Record high prices devastated demand for gas and LNG across Asia and Europe last year. But with prices falling, companies are starting to re-evaluate the economics of using natural gas for their operations. So, what sectors could switch? At what price levels? And what volumes could be involved?
Our latest report draws on data from our LNG Short-term Analytics service to assess the scale of demand response to lower gas prices across a range of countries and sectors. Fill out the form to access a complimentary extract, and read on for an introduction.
Falling prices could motivate a return to gas
With gas and LNG prices averaging a record US$40/mmbtu last year, many companies were forced to rethink their requirements. As firms sought to limit their exposure to the spot market, switch to alternative fuels and reduce their output, demand for gas in Europe and for LNG in Asia fell.
The situation today looks very different. European gas and global LNG prices are now trading below US$15/mmbtu. If prices go down further, companies in Europe and Asia will have a strong incentive to switch back to gas from other fuels for specific uses.
Coal-to-gas: current prices support some switching
Switching is most likely in Europe, where prices have reconnected to the upper range of the coal-to-gas switching band. This incentivises some gas demand response to emerge. Coal producers can reduce margins to some extent to stay competitive. However, coal will struggle below a price of US$80 per tonne – that translates into gas switching prices of around US$10/mmbtu. At that level, the market impact could be even more significant.
Dynamics are different in Asian countries, making switching less likely. For example, in Japan, price is only part of the story. Nuclear performance, high-quality coal procurement, plant location and emission concerns all affect demand. Switching either way has historically been limited.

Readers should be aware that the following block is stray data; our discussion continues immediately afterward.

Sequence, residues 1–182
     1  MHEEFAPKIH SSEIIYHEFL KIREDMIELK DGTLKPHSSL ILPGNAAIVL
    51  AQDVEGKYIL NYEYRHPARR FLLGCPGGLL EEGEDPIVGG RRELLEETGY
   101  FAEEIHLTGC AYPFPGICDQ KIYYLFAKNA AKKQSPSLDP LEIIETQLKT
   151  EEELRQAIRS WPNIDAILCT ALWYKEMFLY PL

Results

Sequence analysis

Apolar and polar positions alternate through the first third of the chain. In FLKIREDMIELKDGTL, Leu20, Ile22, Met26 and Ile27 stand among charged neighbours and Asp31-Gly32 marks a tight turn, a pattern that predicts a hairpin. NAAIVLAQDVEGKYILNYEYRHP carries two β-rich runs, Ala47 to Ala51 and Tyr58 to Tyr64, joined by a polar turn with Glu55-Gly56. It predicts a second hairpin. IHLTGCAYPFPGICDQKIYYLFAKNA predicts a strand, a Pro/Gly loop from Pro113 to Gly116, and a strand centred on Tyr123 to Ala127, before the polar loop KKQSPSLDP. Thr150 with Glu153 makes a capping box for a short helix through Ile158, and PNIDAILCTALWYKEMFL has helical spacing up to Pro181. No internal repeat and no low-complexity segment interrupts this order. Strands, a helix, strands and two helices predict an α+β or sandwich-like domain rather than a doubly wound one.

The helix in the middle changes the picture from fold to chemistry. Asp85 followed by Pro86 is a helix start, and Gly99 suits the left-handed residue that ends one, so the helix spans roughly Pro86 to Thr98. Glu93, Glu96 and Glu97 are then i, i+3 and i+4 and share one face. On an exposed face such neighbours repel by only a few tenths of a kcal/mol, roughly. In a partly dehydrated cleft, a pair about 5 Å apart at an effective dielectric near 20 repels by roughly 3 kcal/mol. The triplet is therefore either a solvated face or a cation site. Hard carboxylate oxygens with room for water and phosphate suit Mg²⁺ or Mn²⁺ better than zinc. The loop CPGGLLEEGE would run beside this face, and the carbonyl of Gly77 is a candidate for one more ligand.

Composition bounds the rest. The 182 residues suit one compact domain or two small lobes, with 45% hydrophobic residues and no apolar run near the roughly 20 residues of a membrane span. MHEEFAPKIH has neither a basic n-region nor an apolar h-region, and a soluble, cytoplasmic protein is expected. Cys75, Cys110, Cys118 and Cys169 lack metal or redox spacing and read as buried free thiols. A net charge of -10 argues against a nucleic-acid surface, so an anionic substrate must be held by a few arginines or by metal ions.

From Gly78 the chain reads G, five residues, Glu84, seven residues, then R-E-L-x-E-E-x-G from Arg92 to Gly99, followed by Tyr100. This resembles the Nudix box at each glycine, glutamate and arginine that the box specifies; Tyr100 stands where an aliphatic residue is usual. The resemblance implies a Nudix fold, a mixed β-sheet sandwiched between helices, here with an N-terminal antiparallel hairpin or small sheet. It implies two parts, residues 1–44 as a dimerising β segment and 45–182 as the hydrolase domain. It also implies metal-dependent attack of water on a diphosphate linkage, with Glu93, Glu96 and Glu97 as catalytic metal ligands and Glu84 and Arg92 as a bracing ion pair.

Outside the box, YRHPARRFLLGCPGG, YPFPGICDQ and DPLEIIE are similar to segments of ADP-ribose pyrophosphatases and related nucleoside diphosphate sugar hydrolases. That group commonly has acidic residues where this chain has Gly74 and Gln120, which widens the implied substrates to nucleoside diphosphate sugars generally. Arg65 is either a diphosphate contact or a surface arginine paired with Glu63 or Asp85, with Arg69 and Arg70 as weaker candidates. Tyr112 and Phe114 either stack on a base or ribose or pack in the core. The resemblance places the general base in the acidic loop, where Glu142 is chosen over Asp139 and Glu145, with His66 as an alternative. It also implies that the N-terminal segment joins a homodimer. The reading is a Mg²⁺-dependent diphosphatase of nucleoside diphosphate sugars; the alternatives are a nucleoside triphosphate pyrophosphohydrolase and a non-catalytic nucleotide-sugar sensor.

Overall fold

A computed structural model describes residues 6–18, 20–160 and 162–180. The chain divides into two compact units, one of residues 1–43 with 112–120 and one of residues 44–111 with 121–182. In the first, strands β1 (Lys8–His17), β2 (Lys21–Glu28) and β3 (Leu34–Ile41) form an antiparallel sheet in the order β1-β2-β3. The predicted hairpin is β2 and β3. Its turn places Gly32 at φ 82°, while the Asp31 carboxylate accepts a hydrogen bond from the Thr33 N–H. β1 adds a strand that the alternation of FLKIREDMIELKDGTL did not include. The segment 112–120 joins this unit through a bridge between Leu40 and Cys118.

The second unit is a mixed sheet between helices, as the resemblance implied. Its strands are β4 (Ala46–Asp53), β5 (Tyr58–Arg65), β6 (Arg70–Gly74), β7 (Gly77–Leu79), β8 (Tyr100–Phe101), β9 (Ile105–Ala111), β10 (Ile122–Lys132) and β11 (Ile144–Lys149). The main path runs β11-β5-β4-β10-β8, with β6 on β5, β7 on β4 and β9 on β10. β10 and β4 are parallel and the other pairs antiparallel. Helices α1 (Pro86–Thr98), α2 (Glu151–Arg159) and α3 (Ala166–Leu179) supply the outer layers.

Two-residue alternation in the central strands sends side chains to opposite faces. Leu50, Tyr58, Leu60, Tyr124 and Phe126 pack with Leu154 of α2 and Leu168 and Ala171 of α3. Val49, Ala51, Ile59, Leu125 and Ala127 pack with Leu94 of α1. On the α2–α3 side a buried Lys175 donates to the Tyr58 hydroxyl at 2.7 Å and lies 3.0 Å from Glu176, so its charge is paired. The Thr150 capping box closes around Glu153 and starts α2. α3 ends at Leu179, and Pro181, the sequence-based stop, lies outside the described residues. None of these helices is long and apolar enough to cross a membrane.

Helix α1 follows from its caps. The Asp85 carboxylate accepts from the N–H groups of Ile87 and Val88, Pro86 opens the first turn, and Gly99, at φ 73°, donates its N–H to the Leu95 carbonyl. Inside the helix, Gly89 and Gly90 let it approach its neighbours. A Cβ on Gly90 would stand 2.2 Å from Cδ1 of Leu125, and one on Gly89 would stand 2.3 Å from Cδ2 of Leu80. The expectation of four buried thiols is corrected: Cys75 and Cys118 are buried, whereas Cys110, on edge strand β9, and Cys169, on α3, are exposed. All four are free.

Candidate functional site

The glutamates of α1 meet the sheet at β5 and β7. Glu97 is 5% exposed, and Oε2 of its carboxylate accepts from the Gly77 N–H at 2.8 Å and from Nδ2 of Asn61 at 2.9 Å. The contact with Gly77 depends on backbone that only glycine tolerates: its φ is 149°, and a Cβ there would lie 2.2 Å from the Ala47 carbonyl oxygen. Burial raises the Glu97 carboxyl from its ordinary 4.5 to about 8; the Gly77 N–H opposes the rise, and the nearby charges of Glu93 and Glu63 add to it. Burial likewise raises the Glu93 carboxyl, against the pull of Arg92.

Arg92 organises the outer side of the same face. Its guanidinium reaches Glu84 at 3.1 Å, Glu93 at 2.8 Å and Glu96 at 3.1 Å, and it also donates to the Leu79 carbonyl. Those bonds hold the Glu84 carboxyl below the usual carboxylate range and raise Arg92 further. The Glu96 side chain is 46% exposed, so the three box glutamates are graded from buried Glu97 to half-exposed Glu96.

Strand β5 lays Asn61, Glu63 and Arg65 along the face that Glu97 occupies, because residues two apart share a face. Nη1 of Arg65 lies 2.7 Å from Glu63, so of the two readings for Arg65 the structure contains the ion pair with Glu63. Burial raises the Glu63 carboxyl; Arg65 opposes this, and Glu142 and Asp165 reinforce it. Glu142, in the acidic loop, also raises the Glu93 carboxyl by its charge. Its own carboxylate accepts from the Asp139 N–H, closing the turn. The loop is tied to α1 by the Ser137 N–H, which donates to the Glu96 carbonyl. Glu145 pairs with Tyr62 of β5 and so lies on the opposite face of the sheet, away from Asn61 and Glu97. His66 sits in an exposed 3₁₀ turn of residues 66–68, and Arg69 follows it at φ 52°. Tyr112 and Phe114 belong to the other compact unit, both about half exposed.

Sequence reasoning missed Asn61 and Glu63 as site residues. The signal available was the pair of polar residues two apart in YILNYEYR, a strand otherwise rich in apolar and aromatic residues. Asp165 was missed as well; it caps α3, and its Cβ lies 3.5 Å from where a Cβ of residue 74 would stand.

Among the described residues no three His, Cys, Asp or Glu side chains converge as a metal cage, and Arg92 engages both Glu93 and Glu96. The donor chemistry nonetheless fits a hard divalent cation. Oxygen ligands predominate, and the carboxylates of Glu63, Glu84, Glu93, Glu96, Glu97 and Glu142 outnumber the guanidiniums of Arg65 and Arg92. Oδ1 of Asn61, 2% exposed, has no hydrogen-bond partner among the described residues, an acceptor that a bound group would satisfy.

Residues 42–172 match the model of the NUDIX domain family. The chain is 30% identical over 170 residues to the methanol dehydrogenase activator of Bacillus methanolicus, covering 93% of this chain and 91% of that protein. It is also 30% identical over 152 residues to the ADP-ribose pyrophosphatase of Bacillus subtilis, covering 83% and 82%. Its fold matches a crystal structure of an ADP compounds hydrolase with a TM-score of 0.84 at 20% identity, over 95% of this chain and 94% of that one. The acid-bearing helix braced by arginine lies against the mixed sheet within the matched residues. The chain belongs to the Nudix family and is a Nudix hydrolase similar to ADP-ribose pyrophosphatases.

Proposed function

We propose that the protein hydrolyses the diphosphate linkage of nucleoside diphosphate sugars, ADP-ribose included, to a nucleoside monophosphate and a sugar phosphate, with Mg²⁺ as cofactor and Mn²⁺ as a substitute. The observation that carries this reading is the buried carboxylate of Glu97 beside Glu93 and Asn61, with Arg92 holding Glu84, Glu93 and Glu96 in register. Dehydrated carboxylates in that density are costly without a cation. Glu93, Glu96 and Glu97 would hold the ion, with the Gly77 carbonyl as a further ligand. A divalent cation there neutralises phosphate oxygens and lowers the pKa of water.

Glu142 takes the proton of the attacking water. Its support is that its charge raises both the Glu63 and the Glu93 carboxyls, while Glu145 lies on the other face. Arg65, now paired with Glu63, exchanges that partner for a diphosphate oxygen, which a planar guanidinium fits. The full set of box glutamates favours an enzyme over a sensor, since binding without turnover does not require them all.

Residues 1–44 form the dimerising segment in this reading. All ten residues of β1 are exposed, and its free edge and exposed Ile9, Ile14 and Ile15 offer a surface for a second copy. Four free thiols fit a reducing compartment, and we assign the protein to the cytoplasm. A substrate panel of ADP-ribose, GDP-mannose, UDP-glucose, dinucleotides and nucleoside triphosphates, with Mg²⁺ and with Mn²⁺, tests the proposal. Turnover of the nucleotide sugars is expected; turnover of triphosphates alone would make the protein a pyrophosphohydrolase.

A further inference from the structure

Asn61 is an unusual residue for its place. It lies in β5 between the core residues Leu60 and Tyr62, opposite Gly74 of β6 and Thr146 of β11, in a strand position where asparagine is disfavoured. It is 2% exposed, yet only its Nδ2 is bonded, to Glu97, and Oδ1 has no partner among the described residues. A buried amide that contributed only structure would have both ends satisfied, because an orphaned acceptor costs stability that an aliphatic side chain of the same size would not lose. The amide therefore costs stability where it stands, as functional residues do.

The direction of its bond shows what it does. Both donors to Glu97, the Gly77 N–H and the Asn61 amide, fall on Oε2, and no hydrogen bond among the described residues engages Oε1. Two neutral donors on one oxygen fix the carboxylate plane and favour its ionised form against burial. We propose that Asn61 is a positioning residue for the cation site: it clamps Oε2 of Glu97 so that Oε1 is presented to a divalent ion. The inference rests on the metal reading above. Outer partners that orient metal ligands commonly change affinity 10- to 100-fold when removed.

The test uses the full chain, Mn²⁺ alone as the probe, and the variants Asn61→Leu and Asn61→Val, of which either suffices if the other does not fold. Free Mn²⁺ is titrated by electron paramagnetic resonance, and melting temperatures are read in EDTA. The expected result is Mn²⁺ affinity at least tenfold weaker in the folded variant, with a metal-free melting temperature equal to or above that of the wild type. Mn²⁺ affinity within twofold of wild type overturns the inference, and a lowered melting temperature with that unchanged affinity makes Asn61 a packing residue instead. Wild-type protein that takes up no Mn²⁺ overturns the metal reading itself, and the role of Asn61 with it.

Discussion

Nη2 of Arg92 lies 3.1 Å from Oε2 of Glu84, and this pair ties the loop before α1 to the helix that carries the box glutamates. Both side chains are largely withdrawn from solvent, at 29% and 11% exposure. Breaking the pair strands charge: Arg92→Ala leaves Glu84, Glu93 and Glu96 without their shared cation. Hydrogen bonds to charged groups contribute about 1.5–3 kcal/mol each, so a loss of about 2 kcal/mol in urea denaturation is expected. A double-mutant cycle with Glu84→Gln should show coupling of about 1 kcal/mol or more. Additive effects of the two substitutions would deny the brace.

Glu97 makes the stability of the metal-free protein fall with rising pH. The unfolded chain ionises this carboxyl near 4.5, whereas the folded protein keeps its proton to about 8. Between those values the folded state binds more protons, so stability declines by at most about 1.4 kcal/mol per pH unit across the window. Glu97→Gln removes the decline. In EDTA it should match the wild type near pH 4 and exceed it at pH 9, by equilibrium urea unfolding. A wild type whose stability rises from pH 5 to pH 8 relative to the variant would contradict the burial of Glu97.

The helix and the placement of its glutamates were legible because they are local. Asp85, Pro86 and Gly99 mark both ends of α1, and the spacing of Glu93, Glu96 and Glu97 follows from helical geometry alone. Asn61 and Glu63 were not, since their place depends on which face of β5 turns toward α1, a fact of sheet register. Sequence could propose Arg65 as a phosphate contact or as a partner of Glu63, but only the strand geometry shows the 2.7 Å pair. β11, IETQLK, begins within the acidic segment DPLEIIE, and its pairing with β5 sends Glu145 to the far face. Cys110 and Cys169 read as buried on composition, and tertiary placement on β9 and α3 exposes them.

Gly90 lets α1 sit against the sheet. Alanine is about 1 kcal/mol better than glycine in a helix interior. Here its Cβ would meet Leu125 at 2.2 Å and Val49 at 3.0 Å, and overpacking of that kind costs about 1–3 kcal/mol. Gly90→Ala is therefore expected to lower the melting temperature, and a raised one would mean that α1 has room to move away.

Ammonia production: the economics have flipped
Gas prices pushed the cost of producing ammonia so high in Europe last year that it became uneconomic for factories to operate. Most reduced production, while some even shut down temporarily.
As a result, European ammonia output averaged only around 50% of capacity in 2022. The loss of Russian ammonia due to the war in Ukraine further hit supplies, although imports from the US, Middle East, North Africa and Asia partly filled the gap.
However, since January 2023 the economics have flipped, with lower costs for gas making European ammonia production viable again. We estimate that could create up to 10 bcm of additional demand if factories were to return to full capacity over a full year. Having said that, the increased competition from cheap imports could limit the market for European production, while subdued demand for fertiliser is also a risk.
Trucked LNG: broader economic recovery will shape demand
In China, trucked LNG volumes are sensitive to price and have dropped sharply since Q3 2021. However, spot prices below US$15/mmbtu are low enough to start displacing some more expensive long-term contracted volumes in the trucking sector.
Ultimately, increased overall economic activity in China will be critical for any recovery for trucked LNG. The country’s earlier-than-expected reopening has noticeably improved GDP growth expectations, and household savings accumulated in 2022 are likely to support a spending spree.
If the economy recovers above our upgraded base case of 5.5% GDP growth, more demand could emerge.
Get a closer look at gas switching dynamics in Europe and Asia
The full insight provides detailed analysis of the scope, scale and price level at which gas switching could happen for multiple sectors and commodities across Asia and Europe. In addition to the topics covered here, the report includes analysis of oil-to-gas and refining, as well as key dynamics in other countries including India, Japan, South Korea, Egypt, Pakistan and Bangladesh.
Source: Wood Mackenzie